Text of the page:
It’s that time of year again where companies pull out all the stops to shine up their image and get some free publicity. It’s been happening for decades and everyone, including the news media still eats it up. Don’t get me wrong, I eat it up too, but its a very strategic piece of an organization’s marketing mix.
The first time I remember something like this in my era was when the Polartec manufacturing facility in Lawrence MA burned down weeks before Christmas. The owner Aaron Feuerstein promised to keep all of the employees on the payroll while they rebuilt. It’s was a holiday miracle because many of the employees wouldn’t have been able to make it without a paycheck during the season, let alone during the reconstruction. The media ran with the story for weeks and although the decision ultimately bankrupted the company it’s still something I think of during the holidays and when I put on a Polartec Fleece.
Today I came across this story from the Lego Company that responded to a child that wrote them a heartbreaking letter about how he’d saved up for particular set and by the time he got the money together it was discontinued and selling for a small fortune on eBay.
They sent him the set for free along with a nice note about how proud they are to have him as a customer. It’s now viral and just in time for the shopping season.
I do question some pieces of the video due to the multiple camera angles and the tearing open of a box which I believe the parents would have had to of inspected before giving it to him. The reading of the entire letter through me a bit too. I’m sure most people don’t think as deeply as I do about this kind of stuff but being a marketer I question every time I see a can of Pepsi in a movie. Either way, it’s heartwarming piece of video.
Last week Hostess announced that they were shutting down operations due to an inability to reach an agreement with the bakers union. Immediately following this announcement there was a Its a Wonderful Life run on every awful/awesome product they made. Some people bid up to $10,000 on eBay for some of the last (doubtful they’ll actually ever pay that) but a buzz was created.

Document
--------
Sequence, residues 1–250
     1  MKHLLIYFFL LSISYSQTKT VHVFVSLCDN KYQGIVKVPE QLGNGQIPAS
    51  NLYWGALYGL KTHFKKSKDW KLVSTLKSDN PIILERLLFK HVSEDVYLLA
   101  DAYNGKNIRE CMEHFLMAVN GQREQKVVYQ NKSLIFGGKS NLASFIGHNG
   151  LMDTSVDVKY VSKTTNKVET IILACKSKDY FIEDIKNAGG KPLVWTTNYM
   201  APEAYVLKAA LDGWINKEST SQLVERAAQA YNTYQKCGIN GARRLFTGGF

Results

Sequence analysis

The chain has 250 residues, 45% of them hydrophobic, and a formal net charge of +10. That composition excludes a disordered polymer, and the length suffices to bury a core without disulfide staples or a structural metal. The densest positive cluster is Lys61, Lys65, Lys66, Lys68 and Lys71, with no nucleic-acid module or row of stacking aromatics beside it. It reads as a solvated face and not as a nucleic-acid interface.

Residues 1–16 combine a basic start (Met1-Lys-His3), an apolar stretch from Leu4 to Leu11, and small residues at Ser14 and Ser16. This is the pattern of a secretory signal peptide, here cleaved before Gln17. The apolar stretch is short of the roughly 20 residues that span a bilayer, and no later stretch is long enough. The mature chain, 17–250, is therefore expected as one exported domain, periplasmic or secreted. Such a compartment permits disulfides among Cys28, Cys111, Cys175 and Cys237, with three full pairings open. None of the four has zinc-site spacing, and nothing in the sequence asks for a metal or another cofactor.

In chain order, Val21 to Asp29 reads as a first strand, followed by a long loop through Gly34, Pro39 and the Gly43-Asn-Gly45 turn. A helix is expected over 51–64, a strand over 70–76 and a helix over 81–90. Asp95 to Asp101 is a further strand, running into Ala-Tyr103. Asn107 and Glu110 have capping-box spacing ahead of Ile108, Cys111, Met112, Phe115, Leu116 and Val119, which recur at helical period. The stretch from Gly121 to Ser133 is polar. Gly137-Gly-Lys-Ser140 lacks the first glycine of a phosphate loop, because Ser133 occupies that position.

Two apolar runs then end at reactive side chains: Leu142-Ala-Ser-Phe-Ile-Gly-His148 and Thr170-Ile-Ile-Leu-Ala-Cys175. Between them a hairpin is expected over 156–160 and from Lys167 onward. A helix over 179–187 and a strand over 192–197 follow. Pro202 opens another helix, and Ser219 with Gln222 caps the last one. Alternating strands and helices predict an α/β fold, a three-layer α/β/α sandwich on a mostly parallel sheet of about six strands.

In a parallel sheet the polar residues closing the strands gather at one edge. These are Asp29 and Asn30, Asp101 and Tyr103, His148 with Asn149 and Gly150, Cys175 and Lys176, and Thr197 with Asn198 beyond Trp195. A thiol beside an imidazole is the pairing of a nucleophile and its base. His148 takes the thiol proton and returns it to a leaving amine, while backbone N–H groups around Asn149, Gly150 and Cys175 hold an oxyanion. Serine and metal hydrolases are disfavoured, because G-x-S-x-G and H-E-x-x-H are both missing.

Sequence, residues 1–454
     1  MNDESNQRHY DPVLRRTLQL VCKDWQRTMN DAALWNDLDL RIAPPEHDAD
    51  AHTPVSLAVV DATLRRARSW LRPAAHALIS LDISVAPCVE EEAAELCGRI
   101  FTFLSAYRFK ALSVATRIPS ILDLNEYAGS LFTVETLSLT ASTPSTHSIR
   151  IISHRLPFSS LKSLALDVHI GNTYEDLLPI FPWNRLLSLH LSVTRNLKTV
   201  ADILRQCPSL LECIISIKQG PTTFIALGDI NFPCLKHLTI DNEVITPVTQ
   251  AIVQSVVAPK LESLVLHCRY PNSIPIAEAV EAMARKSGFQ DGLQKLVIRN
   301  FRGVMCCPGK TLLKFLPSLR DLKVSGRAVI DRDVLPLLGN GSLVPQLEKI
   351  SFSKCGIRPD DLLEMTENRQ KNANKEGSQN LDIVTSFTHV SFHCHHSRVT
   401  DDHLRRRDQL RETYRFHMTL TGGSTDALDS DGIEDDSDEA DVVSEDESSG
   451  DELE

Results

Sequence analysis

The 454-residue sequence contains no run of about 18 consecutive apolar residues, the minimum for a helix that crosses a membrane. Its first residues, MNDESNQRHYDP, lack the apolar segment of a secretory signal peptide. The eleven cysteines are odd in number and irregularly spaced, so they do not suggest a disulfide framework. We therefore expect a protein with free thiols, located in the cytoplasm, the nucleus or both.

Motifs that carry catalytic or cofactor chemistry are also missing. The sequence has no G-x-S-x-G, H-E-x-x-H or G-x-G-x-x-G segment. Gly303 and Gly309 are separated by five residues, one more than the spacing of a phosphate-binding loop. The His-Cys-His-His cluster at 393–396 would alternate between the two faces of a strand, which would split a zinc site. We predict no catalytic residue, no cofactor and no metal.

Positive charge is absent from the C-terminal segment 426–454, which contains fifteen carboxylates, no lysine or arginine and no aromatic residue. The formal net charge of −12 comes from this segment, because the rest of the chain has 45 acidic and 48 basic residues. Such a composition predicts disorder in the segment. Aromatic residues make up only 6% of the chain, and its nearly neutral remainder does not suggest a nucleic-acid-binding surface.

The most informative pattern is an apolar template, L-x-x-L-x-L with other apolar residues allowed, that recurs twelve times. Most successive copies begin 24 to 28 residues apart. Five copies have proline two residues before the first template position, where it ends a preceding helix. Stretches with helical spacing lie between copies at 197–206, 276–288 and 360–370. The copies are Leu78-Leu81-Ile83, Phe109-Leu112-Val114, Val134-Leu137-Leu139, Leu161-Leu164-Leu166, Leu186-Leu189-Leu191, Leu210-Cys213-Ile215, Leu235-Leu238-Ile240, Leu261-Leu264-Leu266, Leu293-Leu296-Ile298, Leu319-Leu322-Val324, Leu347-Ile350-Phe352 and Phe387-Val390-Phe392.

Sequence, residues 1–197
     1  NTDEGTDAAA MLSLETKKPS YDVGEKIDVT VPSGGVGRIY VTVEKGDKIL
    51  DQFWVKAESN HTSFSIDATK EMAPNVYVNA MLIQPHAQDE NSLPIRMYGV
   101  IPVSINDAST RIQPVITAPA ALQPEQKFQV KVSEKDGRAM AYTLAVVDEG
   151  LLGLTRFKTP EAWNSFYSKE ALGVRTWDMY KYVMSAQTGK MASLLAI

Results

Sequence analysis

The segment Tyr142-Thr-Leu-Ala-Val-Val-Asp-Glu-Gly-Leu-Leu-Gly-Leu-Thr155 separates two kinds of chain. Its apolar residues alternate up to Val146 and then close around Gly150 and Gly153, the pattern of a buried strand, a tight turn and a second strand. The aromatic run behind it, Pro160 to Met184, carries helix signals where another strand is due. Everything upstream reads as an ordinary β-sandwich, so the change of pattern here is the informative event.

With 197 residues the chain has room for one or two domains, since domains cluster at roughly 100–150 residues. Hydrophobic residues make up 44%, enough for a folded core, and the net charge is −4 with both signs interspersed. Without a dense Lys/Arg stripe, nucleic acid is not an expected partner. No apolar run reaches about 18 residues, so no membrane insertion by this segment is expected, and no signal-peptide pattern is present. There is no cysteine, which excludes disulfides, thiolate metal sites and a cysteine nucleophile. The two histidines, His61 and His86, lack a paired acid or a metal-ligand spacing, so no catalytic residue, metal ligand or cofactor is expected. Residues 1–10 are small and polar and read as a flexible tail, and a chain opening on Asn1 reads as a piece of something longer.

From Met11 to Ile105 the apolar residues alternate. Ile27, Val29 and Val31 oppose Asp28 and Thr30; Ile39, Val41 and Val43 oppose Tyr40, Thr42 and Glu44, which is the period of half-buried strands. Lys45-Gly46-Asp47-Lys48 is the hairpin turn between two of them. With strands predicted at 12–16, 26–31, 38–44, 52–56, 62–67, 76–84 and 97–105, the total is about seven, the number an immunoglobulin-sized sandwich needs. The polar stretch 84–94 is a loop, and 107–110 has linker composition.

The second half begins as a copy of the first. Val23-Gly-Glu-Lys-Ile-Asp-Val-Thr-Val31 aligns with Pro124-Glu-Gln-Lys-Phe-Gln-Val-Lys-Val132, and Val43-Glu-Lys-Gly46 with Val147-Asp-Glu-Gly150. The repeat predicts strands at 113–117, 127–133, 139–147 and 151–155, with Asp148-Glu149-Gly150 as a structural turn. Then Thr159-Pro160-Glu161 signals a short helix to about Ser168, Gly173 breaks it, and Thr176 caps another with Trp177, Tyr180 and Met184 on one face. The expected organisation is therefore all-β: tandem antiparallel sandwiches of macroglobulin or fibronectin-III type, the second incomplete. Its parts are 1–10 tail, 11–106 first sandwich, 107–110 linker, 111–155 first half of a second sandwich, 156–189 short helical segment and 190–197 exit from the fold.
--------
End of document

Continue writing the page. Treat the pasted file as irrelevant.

There are very few products that completely disappear forever, especially when they are a long standing part of American culture. When I think of Twinkies, I think of a story my brother told me about meeting the late Ted Kennedy. Ted, being the politician he was, asked my brother, a regular joe, what he’d like to see the government do with his tax dollars. My brother said that he’d heard about a supercollider project that had lost it’s funding but he had a theory that could only be proven with it so he would like to see it regain their funding again. His theory he explained was, if you brought two Twinkies up to the speed of light and smashed them together, he believed that the cake would pass through each other intact, but the creme would somehow become radioactive. Ted quickly left the room but for a moment, two people of very different upbringings were about to find a common denominator in a Twinkie.
Although that story is quite off topic, it shows that at sometime in most American’s lives, a Hostess product has been consumed, and it was probably pretty good. When they announced that they were halting production those cakes gained a place of priority because if the opportunity was missed, chances are you might not get that chance again. It’s the model of any timed deal thats currently advertised, we know it might happen again, but if it doesn’t, we don’t want to be the ones that missed out.
There was a slim chance that even if Hostess did go out of business that we would never see Twinkies again, but by reinvigorating the market, they increased the value of their assets if and when it was time to sell them, if they did work out an agreement and restarted the lines, their market awareness is now through the roof.
A strategic and genius marketing plan.